We managed to catch up with team captain, Attin-Johnson who was very kind enough to take the time off her busy Houston training camp to do a brief Q&A with the SWO.
How has the experience been thus far under new coach Randy Waldrum, do you think he has made a difference since his appointment? And also, the Houston experience, how has it been there?
MAJ: The experience with coach Randy has been excellent thus far. He brings a different perspective which is needed for the next level. He is a very forward-thinking person and I believe the difference that he will make is in the fundamental aspects of the game we take for granted. For instance we have done more shooting in a week than we have done in probably two years. Also set pieces are an aspect of the game that we take for granted and we have started to work on this aspect with the new coaches. So he is definitely moving in the right direction.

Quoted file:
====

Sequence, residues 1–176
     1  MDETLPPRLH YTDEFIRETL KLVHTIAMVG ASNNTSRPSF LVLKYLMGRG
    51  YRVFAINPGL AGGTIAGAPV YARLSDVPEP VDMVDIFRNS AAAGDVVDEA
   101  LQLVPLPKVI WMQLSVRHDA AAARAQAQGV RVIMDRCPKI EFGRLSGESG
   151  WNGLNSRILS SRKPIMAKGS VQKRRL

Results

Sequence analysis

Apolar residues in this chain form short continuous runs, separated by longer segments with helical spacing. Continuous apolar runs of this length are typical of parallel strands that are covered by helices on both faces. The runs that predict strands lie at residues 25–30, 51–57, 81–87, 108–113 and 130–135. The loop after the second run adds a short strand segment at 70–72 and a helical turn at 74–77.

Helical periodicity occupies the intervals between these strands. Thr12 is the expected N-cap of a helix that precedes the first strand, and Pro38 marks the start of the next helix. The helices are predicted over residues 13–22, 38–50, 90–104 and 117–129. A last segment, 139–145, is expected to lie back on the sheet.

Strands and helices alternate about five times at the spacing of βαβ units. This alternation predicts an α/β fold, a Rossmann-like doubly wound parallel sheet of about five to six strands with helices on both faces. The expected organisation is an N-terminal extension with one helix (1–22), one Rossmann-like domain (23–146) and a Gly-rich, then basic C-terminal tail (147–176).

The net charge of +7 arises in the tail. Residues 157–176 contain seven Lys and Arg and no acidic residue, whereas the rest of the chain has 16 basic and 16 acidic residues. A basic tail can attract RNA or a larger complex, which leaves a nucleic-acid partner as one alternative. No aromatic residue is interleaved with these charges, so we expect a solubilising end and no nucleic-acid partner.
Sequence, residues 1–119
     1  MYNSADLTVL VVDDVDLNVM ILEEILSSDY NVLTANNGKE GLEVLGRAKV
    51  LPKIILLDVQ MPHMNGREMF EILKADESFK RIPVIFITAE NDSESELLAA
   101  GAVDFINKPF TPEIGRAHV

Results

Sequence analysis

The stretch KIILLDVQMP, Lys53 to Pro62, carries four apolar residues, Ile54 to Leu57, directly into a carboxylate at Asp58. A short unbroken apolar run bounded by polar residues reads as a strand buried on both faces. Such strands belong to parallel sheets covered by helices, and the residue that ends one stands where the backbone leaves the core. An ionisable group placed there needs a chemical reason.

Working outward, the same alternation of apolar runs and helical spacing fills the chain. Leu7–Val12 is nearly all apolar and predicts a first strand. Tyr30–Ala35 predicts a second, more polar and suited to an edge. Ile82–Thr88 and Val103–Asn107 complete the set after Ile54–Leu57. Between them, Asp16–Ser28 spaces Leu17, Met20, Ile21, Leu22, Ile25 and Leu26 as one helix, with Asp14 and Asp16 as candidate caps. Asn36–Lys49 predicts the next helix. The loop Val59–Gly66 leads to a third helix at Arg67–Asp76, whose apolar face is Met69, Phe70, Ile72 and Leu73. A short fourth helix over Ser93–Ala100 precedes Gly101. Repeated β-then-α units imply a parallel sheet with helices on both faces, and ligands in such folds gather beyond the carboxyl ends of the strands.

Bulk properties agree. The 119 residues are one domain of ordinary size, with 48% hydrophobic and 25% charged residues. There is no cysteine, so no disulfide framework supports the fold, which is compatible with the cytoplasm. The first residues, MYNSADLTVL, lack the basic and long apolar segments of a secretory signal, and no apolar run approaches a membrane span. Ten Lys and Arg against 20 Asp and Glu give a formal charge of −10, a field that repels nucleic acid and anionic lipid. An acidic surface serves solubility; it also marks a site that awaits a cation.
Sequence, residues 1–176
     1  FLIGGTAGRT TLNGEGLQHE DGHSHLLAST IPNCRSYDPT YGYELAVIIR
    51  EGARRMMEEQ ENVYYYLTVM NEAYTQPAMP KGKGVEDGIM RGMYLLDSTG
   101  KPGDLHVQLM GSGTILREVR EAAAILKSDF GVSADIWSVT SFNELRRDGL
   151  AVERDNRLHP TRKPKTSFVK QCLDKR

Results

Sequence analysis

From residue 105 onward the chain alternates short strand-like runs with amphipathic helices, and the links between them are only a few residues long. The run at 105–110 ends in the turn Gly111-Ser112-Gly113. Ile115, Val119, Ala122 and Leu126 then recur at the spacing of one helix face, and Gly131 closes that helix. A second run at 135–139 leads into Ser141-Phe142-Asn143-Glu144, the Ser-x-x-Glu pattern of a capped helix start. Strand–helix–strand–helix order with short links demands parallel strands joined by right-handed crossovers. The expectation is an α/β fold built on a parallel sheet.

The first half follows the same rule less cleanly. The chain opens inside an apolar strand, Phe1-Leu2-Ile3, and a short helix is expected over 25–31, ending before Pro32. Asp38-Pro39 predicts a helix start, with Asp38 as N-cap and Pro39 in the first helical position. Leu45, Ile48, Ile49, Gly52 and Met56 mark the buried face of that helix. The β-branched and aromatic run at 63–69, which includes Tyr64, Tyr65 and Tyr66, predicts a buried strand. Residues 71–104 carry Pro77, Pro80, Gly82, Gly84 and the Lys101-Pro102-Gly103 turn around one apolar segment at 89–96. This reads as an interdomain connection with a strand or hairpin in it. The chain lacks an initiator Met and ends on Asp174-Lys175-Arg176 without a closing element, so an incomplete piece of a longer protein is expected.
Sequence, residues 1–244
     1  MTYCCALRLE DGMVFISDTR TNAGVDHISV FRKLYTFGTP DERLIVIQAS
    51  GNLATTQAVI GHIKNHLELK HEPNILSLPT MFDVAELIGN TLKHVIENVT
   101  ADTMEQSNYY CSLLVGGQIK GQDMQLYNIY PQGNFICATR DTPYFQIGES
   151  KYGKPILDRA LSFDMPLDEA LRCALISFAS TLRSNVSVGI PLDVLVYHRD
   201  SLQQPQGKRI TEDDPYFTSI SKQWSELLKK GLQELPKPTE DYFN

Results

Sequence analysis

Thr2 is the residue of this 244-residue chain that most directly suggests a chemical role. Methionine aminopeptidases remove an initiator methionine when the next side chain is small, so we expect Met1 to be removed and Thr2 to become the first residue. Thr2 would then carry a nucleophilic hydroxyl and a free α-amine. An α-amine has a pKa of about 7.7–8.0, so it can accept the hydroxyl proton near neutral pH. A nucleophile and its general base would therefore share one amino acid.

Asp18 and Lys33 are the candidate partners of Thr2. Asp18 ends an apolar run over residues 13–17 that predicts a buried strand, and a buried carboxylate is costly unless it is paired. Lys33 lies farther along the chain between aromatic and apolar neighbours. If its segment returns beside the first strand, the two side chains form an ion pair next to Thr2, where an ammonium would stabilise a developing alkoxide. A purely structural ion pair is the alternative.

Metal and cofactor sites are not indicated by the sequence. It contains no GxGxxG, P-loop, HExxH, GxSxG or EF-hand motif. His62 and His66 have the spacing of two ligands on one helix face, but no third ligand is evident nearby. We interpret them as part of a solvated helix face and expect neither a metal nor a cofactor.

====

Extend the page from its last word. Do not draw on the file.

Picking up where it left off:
I also admire how he is very straight-forward and how he commands the attention of the players. His sessions are very structured and well organized. He emphasizes a lot on the technical and tactical aspects of the game. Thus far the players have bought into his philosophy and professional approach. Every session has been productive and fun-filled. The Houston experience has been extremely, extremely HOT!!!, that may be an understatement but I must say the chemistry of the team has improved and the energy in the camp is where we need it to be.
Who are some of the teams you guys are going to face while there. I heard that Mexico has pulled out of the friendly against T&T?
MAJ: It's unfortunate that we won't be playing a high profile team as Mexico however we will compete against the Houston Dash which is a professional women's team here in Houston, as well as the Houston University and Houston Baptist University.
Can you tell us the players in the camp including the foreign-based players.